Airlines Clamor for Clarity on Altimeter Upgrades for 5G

 - August 12, 2022, 7:10 AM
Cellular providers plan to increase 5G signals to full power by next July. (Photo: Pixabay)

The potential for 5G signal interference with radio altimeters in airplanes flying into and out of U.S. airports continues to alarm airlines around the world, as the Federal Aviation Administration refuses to budge from what the industry calls arbitrary deadlines for upgrades to cockpit avionics despite the absence of a Notice of Proposed Rulemaking (NPRM).

The FAA deferred a previous July 5 deadline for airlines to either modify or install new radio altimeters in their airplanes after telecommunications giants Verizon and AT&T again agreed to suspend plans to activate 5G signals in the so-called C-Band within two miles of affected airport runways. The temporary reprieve for the airlines stands to end for some airplane models—including many operated by regional airlines—at the end of the year. Others, including commercial aircraft operated by most major airlines, face a deadline of July 2023, when another 19 telecom companies expect to activate their 5G networks to the full capacity authorized by the Federal Communications Commission (FCC).  

The issue centers on the close proximity of the frequency bands in which 5G and the altimeters operate. Commercial aviation radio altimeters operate in the 4.2 to 4.4 GHz range, while 5G signals fall within the 3.7 to 3.98 GHz range, part of the C-band. The problem potentially arises in cases of radio altimeters’ “bleed over” into 5G networks’ part of the spectrum.

The FAA has classified various aircraft models needing upgrades into three groupings, the first of which encompasses Embraer ERJ-145s and all E-Jets. Group 2 covers Airbus A310s, A320s, A330s, and A340s using Thales equipment. Operators of aircraft in Groups 1 and 2 must complete their upgrades by the end of this year.

Group 3 consists of three “steps,” which an FAA spokesman said sets the order of priority for the retrofits of the remaining models affected. Step 1 covers Boeing 777s and Airbus A380s; Step 2 covers Boeing 747-8s and A310s, A320s, A330s, and A340s with Collins equipment; and Step 3 encompasses all Bombardier CRJs and the remaining Boeing fleet. Operators must complete the upgrades to airplanes in Group 3 by next July.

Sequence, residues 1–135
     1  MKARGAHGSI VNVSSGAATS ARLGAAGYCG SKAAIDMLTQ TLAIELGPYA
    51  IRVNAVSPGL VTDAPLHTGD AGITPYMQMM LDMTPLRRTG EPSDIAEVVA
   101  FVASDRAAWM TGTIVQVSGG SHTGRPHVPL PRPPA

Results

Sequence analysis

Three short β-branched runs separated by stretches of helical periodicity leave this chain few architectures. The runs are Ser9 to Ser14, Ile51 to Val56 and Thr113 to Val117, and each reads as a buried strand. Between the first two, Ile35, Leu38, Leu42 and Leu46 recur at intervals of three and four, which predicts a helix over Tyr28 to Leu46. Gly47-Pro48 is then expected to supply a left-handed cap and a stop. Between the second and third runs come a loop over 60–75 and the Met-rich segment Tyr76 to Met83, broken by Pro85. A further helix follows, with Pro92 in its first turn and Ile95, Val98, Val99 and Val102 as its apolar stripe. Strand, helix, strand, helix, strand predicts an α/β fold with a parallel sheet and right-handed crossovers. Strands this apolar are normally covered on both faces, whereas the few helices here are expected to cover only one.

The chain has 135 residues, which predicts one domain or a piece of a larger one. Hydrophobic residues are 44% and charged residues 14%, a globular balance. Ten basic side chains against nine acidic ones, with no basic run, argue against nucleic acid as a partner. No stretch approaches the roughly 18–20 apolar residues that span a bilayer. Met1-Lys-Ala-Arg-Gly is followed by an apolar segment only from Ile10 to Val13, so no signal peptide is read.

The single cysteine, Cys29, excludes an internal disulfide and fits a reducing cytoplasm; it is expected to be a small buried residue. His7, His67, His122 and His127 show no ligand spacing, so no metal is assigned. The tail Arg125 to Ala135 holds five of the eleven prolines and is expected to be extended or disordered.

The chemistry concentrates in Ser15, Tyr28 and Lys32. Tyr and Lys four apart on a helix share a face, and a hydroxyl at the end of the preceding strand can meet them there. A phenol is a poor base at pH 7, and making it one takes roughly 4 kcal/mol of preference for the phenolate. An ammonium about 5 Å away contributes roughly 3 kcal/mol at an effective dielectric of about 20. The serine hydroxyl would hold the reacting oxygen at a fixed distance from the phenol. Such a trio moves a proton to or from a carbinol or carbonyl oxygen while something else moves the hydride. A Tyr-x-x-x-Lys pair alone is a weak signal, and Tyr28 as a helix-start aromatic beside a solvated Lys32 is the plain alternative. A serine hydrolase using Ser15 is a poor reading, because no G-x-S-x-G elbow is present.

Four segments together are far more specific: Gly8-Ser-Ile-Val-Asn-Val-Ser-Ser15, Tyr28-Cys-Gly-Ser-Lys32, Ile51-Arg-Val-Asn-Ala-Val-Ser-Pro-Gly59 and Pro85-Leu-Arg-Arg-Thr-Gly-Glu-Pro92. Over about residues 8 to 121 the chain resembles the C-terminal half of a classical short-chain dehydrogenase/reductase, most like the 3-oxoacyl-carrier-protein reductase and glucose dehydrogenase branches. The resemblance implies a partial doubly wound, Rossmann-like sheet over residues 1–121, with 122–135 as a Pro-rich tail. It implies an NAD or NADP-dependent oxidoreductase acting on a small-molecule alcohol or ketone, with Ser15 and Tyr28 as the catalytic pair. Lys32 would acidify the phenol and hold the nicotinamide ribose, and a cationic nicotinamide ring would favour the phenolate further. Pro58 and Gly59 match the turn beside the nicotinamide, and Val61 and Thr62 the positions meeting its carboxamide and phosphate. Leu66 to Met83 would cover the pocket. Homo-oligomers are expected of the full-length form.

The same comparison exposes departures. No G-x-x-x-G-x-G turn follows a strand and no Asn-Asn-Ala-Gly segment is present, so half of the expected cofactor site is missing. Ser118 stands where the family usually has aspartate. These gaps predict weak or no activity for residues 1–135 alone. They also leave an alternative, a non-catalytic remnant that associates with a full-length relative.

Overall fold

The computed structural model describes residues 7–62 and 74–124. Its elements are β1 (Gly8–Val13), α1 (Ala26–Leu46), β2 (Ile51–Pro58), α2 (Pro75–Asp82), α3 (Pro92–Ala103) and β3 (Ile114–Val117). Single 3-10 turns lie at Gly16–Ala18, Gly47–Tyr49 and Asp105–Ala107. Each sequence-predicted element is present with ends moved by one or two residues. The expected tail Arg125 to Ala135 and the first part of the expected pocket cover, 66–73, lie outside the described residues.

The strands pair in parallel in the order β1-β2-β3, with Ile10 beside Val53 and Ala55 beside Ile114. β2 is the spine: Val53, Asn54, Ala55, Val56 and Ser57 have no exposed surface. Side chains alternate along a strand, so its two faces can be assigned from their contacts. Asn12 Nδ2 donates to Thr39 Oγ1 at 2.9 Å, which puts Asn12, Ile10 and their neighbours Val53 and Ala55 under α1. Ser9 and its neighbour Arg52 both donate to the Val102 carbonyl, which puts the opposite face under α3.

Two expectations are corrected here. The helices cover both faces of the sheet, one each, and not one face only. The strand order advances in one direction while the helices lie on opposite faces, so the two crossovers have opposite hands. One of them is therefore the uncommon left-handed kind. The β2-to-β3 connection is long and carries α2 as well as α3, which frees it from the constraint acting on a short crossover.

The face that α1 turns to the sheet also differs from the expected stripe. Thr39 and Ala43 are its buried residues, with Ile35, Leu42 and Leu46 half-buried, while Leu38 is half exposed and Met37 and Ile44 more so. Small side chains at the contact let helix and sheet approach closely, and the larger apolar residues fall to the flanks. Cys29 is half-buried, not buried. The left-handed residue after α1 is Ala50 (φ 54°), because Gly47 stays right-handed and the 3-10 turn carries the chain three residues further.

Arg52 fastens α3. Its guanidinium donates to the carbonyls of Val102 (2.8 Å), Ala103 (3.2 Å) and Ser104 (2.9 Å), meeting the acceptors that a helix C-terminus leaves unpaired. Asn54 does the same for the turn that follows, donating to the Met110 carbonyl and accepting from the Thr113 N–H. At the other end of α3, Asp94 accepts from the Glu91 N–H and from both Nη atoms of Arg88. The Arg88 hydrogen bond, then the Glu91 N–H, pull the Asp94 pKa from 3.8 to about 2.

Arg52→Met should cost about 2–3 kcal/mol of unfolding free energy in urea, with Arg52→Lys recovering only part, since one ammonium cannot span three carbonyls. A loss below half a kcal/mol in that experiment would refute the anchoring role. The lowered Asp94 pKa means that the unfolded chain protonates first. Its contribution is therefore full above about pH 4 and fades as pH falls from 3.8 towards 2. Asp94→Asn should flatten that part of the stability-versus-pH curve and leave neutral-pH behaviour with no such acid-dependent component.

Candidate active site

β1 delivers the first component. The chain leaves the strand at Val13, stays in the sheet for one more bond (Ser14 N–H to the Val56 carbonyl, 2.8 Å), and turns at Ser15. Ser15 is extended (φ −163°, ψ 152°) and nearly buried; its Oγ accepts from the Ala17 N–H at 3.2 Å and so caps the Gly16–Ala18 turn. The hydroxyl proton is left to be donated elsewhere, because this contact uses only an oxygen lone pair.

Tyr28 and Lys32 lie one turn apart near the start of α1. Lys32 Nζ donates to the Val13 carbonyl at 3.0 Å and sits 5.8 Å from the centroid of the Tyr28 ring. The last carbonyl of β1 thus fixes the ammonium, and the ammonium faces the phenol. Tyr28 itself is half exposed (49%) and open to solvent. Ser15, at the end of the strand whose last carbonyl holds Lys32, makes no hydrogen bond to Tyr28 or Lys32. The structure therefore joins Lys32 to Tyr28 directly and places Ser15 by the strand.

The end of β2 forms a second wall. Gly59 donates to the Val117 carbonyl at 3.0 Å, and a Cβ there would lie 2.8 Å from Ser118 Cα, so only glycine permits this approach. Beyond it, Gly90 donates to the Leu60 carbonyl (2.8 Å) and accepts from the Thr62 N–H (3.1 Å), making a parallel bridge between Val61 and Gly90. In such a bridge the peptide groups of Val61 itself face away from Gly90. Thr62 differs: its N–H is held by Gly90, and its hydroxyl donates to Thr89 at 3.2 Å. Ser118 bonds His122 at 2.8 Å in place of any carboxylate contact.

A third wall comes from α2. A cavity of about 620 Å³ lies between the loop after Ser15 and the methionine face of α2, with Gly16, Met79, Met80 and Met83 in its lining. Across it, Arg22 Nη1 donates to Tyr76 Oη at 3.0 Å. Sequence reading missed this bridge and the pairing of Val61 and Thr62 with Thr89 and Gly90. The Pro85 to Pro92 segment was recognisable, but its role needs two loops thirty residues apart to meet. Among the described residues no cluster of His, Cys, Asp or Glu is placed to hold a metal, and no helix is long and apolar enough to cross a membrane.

Airlines have expressed frustration with what one official called a “lack of a regulatory paper trail” detailing the requirements following a June 14 letter from FAA acting administrator Billy Nolan to stakeholders “to act with haste” to install radio frequency filters in radio altimeters. By mid-June the FAA did hold a series of roundtable talks with airline association leaders to help offer guidance but, in letters sent on June 17 to Nolan by Airlines for America (A4A) and the Regional Airline Association (RAA) and another on July 18 by a group of eight global airline associations led by the International Air Transport Association (IATA), they all expressed frustration with what they consider lack of transparency over the telecommunications companies’ specific plans for deployment and when the FAA intends to replace the system now in place that relies on notices to air missions (Notams) and alternative methods of compliance (AMOCs).

Airline representatives also point to a lack of service bulletins communicating the details of the required modifications while calling the FAA’s referral to OEMs for information on the terms of the deadlines “unacceptable.”

In fact, during a July 7 FAA roundtable, radio altimeter manufacturers reported that supply chain disruptions will make it “extremely difficult” to deliver enough retrofit kits to allow airlines to meet the July 2023 deadline, according to the letter from the eight airline associations.

One airline industry and former FAA official speaking with AIN on the condition of anonymity complained of an undue influence telecom companies wield in Washington, referring to a “revolving door” between the FCC and the industry. Meanwhile, he said, the FAA “dropped the ball” by not advocating for the aviation industry even while airlines sounded alarms over the issue for years. 

For its part, the FAA responded to the question of the need and timing of an NPRM in a written statement indicating it would continue to collaborate with industry leaders to ensure they can meet the deadlines.

“We continue to engage with the manufacturers and aircraft operators to ensure that the retrofits are completed by July 2023, when the voluntary mitigations by the wireless carriers expire,” it said. “We will take specific regulatory action as necessary.”

The FAA argues that its efforts—particularly involving negotiations with wireless providers—resulted in a yearlong delay in the telecom companies’ lifting of mitigation measures to July 2023. However, it concedes that without additional action by the FCC to cap transmissions at currently attainable power levels, it cannot guarantee that aircraft might have to undergo further retrofits in three to five years when the equipment capable of transmitting at the maximum power levels approved by the commission goes into widespread use.